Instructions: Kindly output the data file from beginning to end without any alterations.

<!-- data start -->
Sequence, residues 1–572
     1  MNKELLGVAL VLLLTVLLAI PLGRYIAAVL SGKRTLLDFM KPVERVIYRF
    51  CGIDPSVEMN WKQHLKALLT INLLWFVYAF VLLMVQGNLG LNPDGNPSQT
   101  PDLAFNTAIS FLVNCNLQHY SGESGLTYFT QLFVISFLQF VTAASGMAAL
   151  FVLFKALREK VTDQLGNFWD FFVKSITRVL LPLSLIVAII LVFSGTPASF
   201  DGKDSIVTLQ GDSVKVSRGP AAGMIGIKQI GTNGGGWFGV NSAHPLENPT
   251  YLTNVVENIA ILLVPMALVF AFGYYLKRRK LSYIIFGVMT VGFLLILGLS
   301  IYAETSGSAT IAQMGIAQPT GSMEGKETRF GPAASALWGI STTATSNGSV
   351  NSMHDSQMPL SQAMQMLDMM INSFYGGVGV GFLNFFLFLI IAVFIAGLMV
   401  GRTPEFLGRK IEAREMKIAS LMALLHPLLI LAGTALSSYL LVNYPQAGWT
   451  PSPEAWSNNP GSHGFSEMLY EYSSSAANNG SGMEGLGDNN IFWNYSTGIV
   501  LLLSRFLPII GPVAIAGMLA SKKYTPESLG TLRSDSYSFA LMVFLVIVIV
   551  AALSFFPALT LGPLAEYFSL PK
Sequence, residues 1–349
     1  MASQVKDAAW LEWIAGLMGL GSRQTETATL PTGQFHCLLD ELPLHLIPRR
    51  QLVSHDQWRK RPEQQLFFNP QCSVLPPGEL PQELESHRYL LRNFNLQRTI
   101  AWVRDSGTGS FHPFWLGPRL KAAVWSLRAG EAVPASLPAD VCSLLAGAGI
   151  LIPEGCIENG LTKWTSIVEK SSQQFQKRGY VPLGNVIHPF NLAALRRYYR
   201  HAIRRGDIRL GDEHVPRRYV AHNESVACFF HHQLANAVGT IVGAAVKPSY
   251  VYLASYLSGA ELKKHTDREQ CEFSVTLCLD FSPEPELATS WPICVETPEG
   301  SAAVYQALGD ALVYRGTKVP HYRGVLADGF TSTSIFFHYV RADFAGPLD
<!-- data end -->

Sequence, residues 1–572
     1  MNKELLGVAL VLLLTVLLAI PLGRYIAAVL SGKRTLLDFM KPVERVIYRF
    51  CGIDPSVEMN WKQHLKALLT INLLWFVYAF VLLMVQGNLG LNPDGNPSQT
   101  PDLAFNTAIS FLVNCNLQHY SGESGLTYFT QLFVISFLQF VTAASGMAAL
   151  FVLFKALREK VTDQLGNFWD FFVKSITRVL LPLSLIVAII LVFSGTPASF
   201  DGKDSIVTLQ GDSVKVSRGP AAGMIGIKQI GTNGGGWFGV NSAHPLENPT
   251  YLTNVVENIA ILLVPMALVF AFGYYLKRRK LSYIIFGVMT VGFLLILGLS
   301  IYAETSGSAT IAQMGIAQPT GSMEGKETRF GPAASALWGI STTATSNGSV
   351  NSMHDSQMPL SQAMQMLDMM INSFYGGVGV GFLNFFLFLI IAVFIAGLMV
   401  GRTPEFLGRK IEAREMKIAS LMALLHPLLI LAGTALSSYL LVNYPQAGWT
   451  PSPEAWSNNP GSHGFSEMLY EYSSSAANNG SGMEGLGDNN IFWNYSTGIV
   501  LLLSRFLPII GPVAIAGMLA SKKYTPESLG TLRSDSYSFA LMVFLVIVIV
   551  AALSFFPALT LGPLAEYFSL PK
Sequence, residues 1–349
     1  MASQVKDAAW LEWIAGLMGL GSRQTETATL PTGQFHCLLD ELPLHLIPRR
    51  QLVSHDQWRK RPEQQLFFNP QCSVLPPGEL PQELESHRYL LRNFNLQRTI
   101  AWVRDSGTGS FHPFWLGPRL KAAVWSLRAG EAVPASLPAD VCSLLAGAGI
   151  LIPEGCIENG LTKWTSIVEK SSQQFQKRGY VPLGNVIHPF NLAALRRYYR
   201  HAIRRGDIRL GDEHVPRRYV AHNESVACFF HHQLANAVGT IVGAAVKPSY
   251  VYLASYLSGA ELKKHTDREQ CEFSVTLCLD FSPEPELATS WPICVETPEG
   301  SAAVYQALGD ALVYRGTKVP HYRGVLADGF TSTSIFFHYV RADFAGPLD